|Wayfinding that shows the title treatments of both exhibitions.|
The final challenge was to link the two exhibitions visually, through typography, color and construction. The exhibitions are in dialogue and in close physical proximity to each other, so it was important that the design connect them and represent their conversation.
How was the work first received at The CJM?
When we present identity design work, there is inevitably a favorite that quickly outshines the rest. For Work in Progress, the work you see on the walls of The Museum stirred the most immediate discussion and consensus. One of my favorite parts of the design process is listening to people's thoughts, fears, and insights. Just like utopia, design work can often be widely interpreted. One of my favorite insights from this first presentation was from Curatorial Associate Claire Frost, who suggested that the typography symbolized "pathways." I think this was a key sign that the work was headed in an interesting direction, since this reinforced the notion that utopia can be imagined both individually and collectively. I believe the identity reinforces the idea of working in unison for something greater, whether it be community, freedom from the past, or even the notion of building for future generations.
You’ve also created a takeaway guide for To Build and Be Built: Kibbutz History. What is the concept behind this piece?
This was an interesting challenge. Part of the installation is a long strip of text along the bottom of the display case. Claire Frost envisioned mirroring this display in a print piece that visitors could take home with them. We wanted the piece to be intimate and pocket-friendly, but also unexpected. So we decided on a clever bookbinding technique that uses a center slit to transform a poster into a multi-page booklet. It requires hand folding which adds to the labor, but the result is a piece that feels built by hand rather than machine, which hopefully creates a more engaging experience with the content.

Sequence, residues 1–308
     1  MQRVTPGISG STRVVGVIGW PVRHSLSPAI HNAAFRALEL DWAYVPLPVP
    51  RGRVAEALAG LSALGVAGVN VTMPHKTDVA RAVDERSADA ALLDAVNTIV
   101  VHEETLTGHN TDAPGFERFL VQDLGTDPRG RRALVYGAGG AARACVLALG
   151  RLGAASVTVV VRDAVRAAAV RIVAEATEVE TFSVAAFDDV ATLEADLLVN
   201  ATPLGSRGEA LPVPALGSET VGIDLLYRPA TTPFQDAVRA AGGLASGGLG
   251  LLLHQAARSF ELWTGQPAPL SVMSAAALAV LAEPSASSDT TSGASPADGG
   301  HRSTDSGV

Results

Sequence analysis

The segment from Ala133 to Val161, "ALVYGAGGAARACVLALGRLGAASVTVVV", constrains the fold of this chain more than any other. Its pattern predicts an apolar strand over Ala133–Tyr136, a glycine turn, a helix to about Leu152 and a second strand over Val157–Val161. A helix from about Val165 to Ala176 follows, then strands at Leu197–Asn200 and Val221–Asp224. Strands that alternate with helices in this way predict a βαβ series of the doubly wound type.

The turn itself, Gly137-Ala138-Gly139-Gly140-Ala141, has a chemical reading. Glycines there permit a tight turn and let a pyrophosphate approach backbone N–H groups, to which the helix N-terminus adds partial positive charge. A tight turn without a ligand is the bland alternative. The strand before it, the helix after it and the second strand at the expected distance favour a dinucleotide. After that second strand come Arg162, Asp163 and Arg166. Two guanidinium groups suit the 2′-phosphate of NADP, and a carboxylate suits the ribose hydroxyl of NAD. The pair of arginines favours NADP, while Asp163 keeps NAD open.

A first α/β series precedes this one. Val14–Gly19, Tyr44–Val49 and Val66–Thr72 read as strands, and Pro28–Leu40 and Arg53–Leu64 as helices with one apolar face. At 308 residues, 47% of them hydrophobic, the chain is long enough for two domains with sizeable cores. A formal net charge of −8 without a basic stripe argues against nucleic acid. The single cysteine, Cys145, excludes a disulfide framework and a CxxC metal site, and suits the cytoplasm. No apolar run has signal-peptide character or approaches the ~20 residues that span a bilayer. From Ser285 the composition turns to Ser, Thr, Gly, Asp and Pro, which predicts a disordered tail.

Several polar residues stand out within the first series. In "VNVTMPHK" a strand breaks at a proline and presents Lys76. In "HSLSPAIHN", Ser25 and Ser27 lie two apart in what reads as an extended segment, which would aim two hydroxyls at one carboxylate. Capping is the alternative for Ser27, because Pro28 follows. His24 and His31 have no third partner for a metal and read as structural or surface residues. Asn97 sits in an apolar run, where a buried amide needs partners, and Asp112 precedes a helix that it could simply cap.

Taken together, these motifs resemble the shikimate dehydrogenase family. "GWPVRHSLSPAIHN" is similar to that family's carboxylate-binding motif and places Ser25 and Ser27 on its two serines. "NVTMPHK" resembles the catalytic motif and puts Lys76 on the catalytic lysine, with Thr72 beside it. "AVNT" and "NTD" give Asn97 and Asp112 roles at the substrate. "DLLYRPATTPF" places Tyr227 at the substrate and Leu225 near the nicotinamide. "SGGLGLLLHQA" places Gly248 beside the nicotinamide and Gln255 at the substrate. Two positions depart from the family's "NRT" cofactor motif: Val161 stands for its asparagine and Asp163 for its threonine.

|Rail text accompanying display case. Photo by Gary Sexton.|
Was this your first exhibition design project?
As a designer, yes. During my university studies and post-graduation I worked as a preparator at the University Art Museum (now the Berkeley Art Museum), so I have helped build and install dozens of exhibitions. I was fortunate enough to meet and collaborate with some of the world's best artists from a very impressionable age. This stage of my life definitely influenced the kind of design work I seek out and produce. In a way, exhibition design has always been in my DNA, so it's exciting to be coming full circle with this opportunity at The Contemporary Jewish Museum.